(1) A licensed prescriber may authorize a pharmacist to substitute a drug with another drug in the same therapeutic class that would, in the opinion of the pharmacist, have a substantially equivalent therapeutic effect even though the substitute drug is not a therapeutic equivalent drug, provided the following conditions are met:
(a) The prescriber has clearly indicated that drug product substitution is permissible by indicating "therapeutic substitution allowed" or by making a similar designation;
(b) The drug product substitution is intended to ensure formulary compliance with the patient’s health insurance plan or, in the case of a patient without insurance, to lower the cost to the patient while maintaining safety;
(c) The patient opts in to the drug product substitution, and the pharmacist clearly informs the patient of the differences in the drug products and specifies that the patient may refuse the substitution; and
(d) If a drug product substitution is made:
(i) The prescriber’s directions are modified to allow for an equivalent amount of drug to be dispensed as prescribed; and
(ii) The pharmacist shall notify the patient’s original prescriber of the drug product substitution within five (5) business days of dispensing the prescription.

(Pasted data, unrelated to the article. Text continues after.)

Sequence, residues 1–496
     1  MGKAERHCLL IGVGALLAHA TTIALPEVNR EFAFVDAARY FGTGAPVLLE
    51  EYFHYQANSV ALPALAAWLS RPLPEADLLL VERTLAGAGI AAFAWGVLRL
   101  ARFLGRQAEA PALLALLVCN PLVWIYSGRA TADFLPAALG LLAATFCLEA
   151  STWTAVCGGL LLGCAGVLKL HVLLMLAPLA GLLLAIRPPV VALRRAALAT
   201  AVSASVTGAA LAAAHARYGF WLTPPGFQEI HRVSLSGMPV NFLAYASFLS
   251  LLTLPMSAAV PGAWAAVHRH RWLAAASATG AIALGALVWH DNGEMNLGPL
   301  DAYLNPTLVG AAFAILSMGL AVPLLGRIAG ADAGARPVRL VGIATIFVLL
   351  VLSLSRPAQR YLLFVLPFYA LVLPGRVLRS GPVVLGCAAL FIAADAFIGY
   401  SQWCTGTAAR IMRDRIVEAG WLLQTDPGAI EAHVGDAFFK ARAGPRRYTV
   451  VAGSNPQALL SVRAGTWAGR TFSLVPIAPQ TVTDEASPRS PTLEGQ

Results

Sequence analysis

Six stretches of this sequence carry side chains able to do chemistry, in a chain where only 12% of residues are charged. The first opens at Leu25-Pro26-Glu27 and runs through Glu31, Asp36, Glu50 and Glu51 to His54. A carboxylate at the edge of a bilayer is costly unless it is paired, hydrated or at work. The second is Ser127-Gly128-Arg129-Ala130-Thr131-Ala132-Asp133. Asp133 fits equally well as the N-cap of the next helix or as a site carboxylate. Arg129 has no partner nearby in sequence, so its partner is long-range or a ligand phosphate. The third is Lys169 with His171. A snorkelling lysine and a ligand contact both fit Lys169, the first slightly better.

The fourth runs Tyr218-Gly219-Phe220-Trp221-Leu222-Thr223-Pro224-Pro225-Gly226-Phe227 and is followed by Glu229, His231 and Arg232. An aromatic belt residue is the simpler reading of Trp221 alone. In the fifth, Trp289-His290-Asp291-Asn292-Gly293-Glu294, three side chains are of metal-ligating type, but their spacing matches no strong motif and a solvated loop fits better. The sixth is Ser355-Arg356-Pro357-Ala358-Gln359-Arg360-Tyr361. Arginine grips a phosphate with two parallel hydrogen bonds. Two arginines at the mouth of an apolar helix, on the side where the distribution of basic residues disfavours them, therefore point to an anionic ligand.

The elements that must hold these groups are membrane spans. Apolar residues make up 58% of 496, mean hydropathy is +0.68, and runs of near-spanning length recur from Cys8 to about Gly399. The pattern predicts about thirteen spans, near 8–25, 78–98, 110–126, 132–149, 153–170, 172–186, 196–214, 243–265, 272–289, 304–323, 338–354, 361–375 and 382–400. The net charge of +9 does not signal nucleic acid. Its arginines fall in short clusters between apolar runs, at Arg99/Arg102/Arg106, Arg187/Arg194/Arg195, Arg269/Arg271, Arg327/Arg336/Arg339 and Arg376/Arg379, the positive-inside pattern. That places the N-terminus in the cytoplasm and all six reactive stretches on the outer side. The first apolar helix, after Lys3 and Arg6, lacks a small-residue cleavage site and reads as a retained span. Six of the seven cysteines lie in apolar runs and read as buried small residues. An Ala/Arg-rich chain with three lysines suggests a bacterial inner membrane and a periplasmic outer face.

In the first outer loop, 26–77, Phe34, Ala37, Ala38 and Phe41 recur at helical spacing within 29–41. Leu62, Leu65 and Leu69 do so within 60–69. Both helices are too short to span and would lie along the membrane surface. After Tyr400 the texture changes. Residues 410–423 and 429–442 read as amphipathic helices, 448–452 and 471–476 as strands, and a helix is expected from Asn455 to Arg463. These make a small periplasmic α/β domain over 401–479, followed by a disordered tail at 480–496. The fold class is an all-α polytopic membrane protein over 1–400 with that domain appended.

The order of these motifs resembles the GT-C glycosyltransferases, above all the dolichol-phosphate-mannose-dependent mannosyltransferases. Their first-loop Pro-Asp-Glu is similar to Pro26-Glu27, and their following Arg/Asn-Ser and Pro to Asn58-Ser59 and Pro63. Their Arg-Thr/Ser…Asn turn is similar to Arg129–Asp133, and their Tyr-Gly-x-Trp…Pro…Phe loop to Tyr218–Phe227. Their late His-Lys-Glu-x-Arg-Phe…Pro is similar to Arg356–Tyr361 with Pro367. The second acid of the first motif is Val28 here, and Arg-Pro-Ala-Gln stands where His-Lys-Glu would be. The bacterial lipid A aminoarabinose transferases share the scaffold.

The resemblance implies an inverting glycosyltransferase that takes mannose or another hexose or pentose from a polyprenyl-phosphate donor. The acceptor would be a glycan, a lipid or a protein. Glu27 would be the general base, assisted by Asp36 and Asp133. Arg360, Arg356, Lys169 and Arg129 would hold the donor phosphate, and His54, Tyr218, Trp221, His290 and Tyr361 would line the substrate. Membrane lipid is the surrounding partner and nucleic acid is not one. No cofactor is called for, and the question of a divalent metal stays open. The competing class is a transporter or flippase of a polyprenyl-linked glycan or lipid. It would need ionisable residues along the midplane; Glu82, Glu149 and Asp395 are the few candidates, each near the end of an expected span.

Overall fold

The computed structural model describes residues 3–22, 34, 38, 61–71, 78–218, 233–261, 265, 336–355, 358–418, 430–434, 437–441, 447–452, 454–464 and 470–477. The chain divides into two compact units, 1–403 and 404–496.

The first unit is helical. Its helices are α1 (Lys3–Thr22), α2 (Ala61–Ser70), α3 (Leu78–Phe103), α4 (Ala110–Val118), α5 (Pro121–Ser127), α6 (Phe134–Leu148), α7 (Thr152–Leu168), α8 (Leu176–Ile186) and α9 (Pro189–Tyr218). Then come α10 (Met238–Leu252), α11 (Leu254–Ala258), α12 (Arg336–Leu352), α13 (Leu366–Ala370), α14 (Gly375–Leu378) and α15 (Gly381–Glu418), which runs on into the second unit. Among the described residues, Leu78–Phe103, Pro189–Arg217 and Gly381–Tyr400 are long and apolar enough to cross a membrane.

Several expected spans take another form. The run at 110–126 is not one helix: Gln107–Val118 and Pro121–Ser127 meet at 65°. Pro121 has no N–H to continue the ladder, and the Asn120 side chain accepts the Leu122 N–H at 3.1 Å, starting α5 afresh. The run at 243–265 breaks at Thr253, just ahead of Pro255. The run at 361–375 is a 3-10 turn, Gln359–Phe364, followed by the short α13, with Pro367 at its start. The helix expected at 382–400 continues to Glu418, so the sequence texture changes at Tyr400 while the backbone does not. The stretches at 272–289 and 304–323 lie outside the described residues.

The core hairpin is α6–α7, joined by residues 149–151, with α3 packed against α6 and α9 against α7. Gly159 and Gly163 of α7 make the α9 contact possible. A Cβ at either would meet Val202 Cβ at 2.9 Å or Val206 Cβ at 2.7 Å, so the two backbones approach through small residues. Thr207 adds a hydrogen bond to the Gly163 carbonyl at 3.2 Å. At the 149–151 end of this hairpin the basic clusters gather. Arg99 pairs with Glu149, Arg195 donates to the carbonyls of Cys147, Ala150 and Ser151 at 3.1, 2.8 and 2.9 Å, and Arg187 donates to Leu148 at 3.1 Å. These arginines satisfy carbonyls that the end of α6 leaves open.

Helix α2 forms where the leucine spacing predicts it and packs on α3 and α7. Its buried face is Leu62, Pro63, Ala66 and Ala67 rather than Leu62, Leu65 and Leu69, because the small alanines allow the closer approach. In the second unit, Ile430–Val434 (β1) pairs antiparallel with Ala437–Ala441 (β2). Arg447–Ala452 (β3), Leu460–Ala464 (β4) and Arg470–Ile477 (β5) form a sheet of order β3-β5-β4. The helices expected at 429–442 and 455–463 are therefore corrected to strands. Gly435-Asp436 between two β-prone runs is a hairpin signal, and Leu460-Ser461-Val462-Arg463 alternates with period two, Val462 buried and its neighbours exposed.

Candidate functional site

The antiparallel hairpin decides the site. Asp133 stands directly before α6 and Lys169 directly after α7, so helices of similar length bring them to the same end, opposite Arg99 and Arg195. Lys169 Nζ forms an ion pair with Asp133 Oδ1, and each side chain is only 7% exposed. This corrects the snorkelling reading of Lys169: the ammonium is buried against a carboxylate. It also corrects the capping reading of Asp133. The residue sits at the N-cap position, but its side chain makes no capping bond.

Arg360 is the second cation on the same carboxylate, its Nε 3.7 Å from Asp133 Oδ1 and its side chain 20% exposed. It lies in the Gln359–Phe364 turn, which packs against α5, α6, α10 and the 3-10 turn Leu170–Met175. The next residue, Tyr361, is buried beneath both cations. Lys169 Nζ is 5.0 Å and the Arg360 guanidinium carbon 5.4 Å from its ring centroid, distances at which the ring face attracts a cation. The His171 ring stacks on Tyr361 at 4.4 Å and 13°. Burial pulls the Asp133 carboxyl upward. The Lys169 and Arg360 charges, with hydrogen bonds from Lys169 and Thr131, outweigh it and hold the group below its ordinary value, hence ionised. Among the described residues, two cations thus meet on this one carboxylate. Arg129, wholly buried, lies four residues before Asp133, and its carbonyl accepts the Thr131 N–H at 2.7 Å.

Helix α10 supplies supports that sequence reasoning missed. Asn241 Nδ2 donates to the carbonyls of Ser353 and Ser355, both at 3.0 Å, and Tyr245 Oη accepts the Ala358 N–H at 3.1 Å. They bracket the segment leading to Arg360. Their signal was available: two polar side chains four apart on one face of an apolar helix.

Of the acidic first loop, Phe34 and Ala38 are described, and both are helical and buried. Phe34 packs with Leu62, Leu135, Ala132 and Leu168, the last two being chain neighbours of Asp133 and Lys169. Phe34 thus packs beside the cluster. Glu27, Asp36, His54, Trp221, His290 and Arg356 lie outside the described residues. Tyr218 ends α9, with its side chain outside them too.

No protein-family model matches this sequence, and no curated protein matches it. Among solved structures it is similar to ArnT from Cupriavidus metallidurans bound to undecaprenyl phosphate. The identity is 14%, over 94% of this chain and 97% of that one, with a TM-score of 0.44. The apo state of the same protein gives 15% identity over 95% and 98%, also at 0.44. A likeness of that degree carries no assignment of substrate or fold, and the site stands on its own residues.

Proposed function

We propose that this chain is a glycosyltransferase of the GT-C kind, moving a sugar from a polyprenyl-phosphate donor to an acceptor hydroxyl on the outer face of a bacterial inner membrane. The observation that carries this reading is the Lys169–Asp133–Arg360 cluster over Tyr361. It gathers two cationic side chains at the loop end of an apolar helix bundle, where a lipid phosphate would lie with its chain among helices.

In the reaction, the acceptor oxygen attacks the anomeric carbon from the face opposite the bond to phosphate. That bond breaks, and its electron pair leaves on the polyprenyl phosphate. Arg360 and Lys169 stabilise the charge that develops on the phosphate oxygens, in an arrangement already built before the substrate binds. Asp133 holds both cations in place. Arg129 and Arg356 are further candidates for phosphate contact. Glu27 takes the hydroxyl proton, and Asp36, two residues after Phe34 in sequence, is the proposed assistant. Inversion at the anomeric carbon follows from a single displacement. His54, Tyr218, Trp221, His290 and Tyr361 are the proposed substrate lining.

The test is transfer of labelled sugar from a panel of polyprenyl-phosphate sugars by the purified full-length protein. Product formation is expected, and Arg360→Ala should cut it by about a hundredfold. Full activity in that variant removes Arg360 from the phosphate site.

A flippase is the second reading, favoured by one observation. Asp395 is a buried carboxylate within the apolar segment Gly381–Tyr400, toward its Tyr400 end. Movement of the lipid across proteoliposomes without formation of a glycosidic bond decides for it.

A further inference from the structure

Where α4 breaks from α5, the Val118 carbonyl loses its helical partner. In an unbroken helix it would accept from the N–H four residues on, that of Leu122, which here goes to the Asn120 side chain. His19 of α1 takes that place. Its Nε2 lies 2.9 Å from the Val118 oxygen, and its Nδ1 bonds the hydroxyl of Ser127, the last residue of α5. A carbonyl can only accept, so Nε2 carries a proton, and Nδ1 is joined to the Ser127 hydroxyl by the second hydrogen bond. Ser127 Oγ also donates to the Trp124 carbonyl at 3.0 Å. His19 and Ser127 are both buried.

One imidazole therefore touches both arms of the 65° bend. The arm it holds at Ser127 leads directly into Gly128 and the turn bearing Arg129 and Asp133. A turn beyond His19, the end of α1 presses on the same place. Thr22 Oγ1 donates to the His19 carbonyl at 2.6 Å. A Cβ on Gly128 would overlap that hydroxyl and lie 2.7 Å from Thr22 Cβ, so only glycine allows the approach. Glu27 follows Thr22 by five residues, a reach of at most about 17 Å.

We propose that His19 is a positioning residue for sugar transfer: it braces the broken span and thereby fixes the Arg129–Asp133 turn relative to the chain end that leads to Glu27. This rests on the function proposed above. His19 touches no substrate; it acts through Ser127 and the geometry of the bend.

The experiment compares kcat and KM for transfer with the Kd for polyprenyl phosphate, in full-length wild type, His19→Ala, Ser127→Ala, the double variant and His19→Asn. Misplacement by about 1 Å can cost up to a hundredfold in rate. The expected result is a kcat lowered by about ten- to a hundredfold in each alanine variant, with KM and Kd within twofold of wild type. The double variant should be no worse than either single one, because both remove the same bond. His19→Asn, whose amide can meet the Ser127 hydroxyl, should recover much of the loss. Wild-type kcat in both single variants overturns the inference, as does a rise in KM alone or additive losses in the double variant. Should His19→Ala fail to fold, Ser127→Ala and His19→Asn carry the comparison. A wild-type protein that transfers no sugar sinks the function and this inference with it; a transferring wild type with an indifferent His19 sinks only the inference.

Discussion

(2) Nothing in this section shall apply to biological products, as set forth in section 54-1769, Idaho Code, or to narrow therapeutic index drugs.
(3) For purposes of this section:
(a) "Drug product substitution" means dispensing a drug product other than the drug product originally prescribed.
(b) "Narrow therapeutic index drug" means a drug where a small difference in dose or blood concentration may lead to serious therapeutic failures or adverse drug reactions.
(c) "Therapeutic class" means a group of similar drug products that have the same or similar mechanisms of action and are used to treat a specific condition.
(d) "Therapeutic equivalent drug" means a product assigned an "A" code by the federal food and drug administration (FDA) in the "Approved Products with Therapeutic Equivalence Evaluations" (orange book) and animal drug products published in the FDA’s "Approved Animal Drug Products" (green book).